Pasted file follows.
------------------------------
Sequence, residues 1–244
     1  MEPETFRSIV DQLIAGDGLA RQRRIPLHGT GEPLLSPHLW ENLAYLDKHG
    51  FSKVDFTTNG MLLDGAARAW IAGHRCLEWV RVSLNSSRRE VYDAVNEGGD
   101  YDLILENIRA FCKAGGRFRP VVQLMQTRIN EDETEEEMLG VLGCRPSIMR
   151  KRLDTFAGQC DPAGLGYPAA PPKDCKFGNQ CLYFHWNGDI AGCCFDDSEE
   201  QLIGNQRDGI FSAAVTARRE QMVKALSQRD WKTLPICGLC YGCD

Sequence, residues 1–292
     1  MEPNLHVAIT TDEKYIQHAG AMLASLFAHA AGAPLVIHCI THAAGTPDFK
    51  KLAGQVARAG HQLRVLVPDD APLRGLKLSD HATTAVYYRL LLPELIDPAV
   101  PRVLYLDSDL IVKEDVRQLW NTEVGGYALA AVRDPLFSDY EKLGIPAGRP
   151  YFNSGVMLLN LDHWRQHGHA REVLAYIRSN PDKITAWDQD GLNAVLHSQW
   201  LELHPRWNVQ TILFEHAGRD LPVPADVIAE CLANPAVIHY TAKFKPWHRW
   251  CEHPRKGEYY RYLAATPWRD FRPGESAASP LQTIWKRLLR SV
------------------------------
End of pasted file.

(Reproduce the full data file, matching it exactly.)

Sequence, residues 1–244
     1  MEPETFRSIV DQLIAGDGLA RQRRIPLHGT GEPLLSPHLW ENLAYLDKHG
    51  FSKVDFTTNG MLLDGAARAW IAGHRCLEWV RVSLNSSRRE VYDAVNEGGD
   101  YDLILENIRA FCKAGGRFRP VVQLMQTRIN EDETEEEMLG VLGCRPSIMR
   151  KRLDTFAGQC DPAGLGYPAA PPKDCKFGNQ CLYFHWNGDI AGCCFDDSEE
   201  QLIGNQRDGI FSAAVTARRE QMVKALSQRD WKTLPICGLC YGCD

Sequence, residues 1–292
     1  MEPNLHVAIT TDEKYIQHAG AMLASLFAHA AGAPLVIHCI THAAGTPDFK
    51  KLAGQVARAG HQLRVLVPDD APLRGLKLSD HATTAVYYRL LLPELIDPAV
   101  PRVLYLDSDL IVKEDVRQLW NTEVGGYALA AVRDPLFSDY EKLGIPAGRP
   151  YFNSGVMLLN LDHWRQHGHA REVLAYIRSN PDKITAWDQD GLNAVLHSQW
   201  LELHPRWNVQ TILFEHAGRD LPVPADVIAE CLANPAVIHY TAKFKPWHRW
   251  CEHPRKGEYY RYLAATPWRD FRPGESAASP LQTIWKRLLR SV